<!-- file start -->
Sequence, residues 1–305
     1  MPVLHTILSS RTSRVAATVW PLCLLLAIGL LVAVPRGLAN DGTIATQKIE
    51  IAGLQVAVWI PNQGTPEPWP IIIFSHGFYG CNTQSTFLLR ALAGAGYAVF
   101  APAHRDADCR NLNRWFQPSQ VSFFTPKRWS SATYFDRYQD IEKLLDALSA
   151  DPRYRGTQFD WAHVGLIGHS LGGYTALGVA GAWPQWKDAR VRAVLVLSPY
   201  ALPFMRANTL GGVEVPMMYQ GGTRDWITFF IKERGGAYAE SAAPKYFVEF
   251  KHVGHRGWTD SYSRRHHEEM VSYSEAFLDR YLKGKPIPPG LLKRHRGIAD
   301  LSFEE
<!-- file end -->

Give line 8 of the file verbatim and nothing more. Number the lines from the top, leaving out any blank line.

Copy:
   301  LSFEE